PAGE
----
Happy Father's Day everyone.
Vortech did a really nice job of engineering the kit for the C-4 Corvette but they did one really stupid thing. The blower is reverse rotation and mounts backwards with the drive pulley facing the rear of the car - that's not the stupid thing. The drive belt goes around one of the cast in support posts on the bracket that mounts the blower so every time you have to remove the belt, you have to take the blower off and the blower is mounted with 5 bolts that are really difficult to access, you also have to remove the air filter and the discharge duct as well as the oil drain and feed lines - that's the stupid part. I figure I am initially going to be changing pulleys to get the boost dialed in during the tuning process and I don't want to be going through that exercise at the dyno shop.
I decided to fix the problem by adding an additional idler pulley in the location where the post was so the belt would go inside rather than outside of the support and allow it to be changed without removing the blower. You can see the change in the two drawings.
New routing (the belt goes over the top of the tensioner body at the bottom)
The post in question had been ground away by the original owner, probably to give belt clearance when using a really small pulley, and I wasn't happy about that.
I cut the post with the ground away section off square in the mill and then drilled and tapped a 3/8" on the vertical centerline of the hole in the steel blower mounting bracket.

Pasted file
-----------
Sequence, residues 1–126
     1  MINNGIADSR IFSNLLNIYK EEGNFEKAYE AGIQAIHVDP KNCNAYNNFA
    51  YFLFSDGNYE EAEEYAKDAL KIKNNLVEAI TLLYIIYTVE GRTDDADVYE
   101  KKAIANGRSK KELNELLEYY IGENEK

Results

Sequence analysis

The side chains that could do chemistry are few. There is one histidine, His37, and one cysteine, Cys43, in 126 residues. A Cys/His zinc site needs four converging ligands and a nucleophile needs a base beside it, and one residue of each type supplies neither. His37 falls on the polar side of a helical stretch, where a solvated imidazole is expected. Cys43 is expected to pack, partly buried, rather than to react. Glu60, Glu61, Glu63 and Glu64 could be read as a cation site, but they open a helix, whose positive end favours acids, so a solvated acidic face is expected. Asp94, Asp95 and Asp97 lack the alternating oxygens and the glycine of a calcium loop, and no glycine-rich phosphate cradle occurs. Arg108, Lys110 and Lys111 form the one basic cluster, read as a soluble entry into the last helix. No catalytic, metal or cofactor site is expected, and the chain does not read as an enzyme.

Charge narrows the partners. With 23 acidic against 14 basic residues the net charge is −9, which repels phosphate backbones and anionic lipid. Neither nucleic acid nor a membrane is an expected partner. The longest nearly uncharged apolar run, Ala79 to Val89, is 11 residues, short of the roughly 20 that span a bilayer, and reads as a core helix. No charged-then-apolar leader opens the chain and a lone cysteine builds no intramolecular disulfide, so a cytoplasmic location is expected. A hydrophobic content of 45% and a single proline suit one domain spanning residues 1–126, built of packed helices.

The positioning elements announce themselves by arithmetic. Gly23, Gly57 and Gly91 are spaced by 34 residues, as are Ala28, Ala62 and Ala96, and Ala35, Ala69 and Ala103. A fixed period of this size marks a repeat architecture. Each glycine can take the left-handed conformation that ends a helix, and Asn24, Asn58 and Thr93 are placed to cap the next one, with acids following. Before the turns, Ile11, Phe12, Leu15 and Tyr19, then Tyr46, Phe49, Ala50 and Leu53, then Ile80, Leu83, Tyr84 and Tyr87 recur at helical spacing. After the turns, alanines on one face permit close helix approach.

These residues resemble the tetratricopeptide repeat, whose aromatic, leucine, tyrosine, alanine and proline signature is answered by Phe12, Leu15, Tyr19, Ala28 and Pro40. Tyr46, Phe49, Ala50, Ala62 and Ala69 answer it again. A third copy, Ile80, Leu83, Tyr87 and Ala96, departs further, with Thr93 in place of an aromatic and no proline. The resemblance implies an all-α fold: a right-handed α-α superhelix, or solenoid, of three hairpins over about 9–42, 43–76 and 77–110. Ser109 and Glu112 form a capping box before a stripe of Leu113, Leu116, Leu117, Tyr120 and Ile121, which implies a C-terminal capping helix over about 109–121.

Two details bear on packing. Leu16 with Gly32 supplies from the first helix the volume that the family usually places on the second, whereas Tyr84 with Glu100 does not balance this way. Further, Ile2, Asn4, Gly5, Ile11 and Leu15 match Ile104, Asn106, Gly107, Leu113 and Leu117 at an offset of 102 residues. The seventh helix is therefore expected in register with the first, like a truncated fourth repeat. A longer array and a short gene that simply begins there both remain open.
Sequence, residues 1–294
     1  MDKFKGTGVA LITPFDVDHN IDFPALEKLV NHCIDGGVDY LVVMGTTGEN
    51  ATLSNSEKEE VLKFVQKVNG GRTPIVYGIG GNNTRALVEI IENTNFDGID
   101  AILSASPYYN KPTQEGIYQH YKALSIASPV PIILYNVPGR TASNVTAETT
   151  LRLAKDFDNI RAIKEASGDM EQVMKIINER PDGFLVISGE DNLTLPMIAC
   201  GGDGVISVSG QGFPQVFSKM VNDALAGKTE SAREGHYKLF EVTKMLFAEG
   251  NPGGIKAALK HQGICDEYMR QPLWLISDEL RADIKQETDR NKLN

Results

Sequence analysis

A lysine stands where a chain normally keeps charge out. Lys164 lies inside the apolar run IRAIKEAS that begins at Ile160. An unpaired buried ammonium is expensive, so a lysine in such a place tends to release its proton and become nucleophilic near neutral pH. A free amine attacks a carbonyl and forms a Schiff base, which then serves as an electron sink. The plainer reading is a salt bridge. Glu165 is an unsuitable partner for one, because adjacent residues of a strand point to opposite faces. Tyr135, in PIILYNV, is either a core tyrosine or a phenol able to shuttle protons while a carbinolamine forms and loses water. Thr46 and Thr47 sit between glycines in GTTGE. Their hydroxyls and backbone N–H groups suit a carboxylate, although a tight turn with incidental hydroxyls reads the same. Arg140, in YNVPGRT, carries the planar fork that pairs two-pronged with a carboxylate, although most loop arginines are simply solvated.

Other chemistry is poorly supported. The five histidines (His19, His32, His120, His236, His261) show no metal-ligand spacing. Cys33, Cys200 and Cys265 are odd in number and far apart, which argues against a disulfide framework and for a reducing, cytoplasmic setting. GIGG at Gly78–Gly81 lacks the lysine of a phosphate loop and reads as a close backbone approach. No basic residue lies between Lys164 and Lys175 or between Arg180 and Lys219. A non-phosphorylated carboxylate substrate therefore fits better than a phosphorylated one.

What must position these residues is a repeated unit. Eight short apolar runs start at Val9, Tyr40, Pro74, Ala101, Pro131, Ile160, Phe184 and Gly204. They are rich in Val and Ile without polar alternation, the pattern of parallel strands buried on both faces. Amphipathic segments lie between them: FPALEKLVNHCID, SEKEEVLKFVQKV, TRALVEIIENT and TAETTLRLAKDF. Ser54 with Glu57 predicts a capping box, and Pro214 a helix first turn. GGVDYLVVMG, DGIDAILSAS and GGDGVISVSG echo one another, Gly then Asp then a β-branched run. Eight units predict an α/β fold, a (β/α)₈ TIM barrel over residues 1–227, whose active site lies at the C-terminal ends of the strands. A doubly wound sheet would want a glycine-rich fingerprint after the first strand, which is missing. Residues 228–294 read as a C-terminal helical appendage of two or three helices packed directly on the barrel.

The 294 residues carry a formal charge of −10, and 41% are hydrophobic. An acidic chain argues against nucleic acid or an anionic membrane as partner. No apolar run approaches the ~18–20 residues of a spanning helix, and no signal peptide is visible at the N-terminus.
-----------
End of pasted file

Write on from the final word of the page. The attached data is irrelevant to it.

I then turned some standoffs that would position the idler in the correct plane with the other pulleys I used the same Corvette idler I used on the accessory drive, they are less than $9 from Rock Auto - a real deal.
Here's the finished bracket with the new idler in place
I also got a larger pulley for the blower to reduce speed it turns and therefore the amount of boost it produces. The pulley that came on the blower was a 2 5/8" diameter that would spin the blower 5,500 rpm faster than the manufacturer's maximum speed at 6,000 engine rpm and would produce way too much boost for the 10.9 compression ratio I have even using water injection. I found a 3.33" pulley for a reasonable price that drops the max blower speed by 1,200 rpm and will bring the boost down to a safer level - probably in the 5 psi range. If I decide during the tuning process that it can tolerate more boost reliably, I can always change to a slightly smaller pulley. There are lots of successfull installations of this kit on C-4 Corvettes running 7-8 lbs boost. At 8 lbs boost with the other mods I have made to the engine, it will be well in excess of 500 FWHP. I may decide that the sexy blower whine and the way it looks under the hood is enough and I really don't need to increase the boost at all. Boost is addictive however...